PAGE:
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Private Money Loan Negotiation

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Woman Handing Man Money

Let’s look at the private money loan negotiation process from a lender’s perspective.  In order to negotiate the best deal for your private money loan, or hard money investment, it is important to understand how a private money lender earns income and what income sources are available as an investor in a private loan.

The PML’s income can come in a variety of forms and from a variety of sources:

  • Points – Paid by the borrower as part of their closing costs.
  • Underwriting or Other Fees – Paid by the borrower as part of their closing costs.
  • Referral Fees – Paid by another PML for referred business.
  • Loan Servicing – Paid by you to the PML, if the PML services the loan.
  • Late Fees – Paid by the borrower for not making a payment on time.
  • Foreclosure Fees –  Added to the borrower’s loan balance.
  • Renewal Fees – Paid by the borrower to renew the loan for an additional term.

Let’s look at each type of income.


Calculated as a percentage of the loan amount. 1 point = 1% of the loan amount. A PML may simplify the closing costs by charging private money lending points without detailing separate underwriting or other fees, or may charge points in addition to other fees. The amount charged depends on the transaction, agreements between the parties, loan-to-value (LTV), risk and complexity.  Here’s an example:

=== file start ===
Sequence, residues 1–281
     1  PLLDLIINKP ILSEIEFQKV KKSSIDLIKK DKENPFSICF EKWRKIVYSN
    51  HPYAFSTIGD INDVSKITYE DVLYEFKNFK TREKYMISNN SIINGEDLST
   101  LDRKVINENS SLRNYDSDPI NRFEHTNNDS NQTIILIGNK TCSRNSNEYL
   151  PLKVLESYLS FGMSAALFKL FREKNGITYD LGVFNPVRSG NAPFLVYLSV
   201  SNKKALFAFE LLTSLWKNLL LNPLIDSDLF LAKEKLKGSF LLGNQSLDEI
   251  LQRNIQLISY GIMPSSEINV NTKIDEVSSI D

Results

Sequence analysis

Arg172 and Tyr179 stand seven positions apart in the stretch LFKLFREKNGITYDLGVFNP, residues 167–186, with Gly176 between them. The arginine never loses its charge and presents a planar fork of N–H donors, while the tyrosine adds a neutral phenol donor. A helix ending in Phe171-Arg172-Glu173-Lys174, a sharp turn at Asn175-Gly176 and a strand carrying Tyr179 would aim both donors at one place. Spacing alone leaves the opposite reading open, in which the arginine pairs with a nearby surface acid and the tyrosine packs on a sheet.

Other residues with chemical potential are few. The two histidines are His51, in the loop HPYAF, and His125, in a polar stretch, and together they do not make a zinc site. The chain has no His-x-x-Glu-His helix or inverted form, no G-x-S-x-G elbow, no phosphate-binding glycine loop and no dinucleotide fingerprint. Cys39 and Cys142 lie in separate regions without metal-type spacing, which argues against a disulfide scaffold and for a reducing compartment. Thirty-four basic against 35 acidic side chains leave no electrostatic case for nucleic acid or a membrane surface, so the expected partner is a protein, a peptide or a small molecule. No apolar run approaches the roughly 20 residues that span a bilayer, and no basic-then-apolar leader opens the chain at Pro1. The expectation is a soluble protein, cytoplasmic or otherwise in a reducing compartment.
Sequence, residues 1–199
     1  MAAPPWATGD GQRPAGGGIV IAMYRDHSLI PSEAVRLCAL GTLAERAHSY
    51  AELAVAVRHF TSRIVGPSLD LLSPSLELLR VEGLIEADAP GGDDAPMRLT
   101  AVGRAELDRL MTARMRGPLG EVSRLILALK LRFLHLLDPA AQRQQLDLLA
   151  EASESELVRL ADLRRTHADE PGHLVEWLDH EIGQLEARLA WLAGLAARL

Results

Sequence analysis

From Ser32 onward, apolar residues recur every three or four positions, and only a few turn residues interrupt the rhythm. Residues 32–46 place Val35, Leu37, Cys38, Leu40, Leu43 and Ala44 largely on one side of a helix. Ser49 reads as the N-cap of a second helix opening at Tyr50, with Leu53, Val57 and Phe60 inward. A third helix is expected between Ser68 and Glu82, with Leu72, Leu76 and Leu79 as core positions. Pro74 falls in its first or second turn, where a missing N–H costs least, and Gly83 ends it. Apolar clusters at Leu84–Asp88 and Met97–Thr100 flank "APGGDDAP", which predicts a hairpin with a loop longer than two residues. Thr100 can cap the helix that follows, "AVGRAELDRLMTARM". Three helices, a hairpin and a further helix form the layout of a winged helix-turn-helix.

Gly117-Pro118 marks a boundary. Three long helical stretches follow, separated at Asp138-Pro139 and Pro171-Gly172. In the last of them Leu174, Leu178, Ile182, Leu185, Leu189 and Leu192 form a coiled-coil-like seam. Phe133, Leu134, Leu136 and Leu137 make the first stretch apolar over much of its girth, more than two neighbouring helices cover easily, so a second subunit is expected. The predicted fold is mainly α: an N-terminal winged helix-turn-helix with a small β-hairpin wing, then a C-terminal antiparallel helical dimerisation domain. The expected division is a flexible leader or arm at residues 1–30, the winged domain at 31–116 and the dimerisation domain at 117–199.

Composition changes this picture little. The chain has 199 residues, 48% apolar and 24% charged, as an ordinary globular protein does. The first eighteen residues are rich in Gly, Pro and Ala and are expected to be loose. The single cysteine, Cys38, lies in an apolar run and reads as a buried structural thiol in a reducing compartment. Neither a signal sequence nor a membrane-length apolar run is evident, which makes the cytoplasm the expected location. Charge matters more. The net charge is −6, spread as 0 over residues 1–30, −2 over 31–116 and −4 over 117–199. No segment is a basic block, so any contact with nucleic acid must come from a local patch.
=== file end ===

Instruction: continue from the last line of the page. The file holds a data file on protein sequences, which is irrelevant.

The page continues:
The borrower is charged 3 points (3%) upfront on a $500,000 loan, or $15,000. The PML generally receives a majority of the points. In some instances, a PML may agree to pay a referral fee to another PML for bringing either the borrower or investor to the transaction. The PML may also agree to share a portion of the points with the investor.

The distribution of the points paid upfront, might look like this:

  • $8,000 to the PML
  • $3,000 to the referring PML
  • $4,000 to the investor

It is common for an investor to request ½ to 1% upfront for funding the loan to increase their yield, but this fee is negotiable between the investor and the PML.

Underwriting or Other Fees

Underwriting fees are charged to the borrower in addition to upfront points.  Some private money lenders will charge them, and some won’t. While some fees will simply “pass-through” the private money lender, such as appraisal and credit report fees, others are their source of additional compensation.  Examples are:

  • Underwriting  Fee – A flat dollar fee, typically between $750 and $2,500, depending on the complexity of the loan. Sometimes this is incorporated into the points, but may be a separate additional charge.
  • Processing Fee – A flat dollar fee charged for the processing of the loan.
  • Document Preparation Fee – A flat dollar fee charged for the preparation of the loan documents.  Sometimes these fees will be pass-through because the PML is using a private company to generate the documents and sometimes this fee will just be additional income to the PML.

Referral Fees

A predetermined dollar amount or loan percentage negotiated between private money lender for referred business.  If a borrower is referred to a private money lender, chances are part of the fees the borrower is paying will cover a referral fee to the other PML.  Due to the specialized nature of private money lending, each PML cannot be “all things to all clients.”  The loans they can fund are dictated by the investors they represent, therefore making referrals common.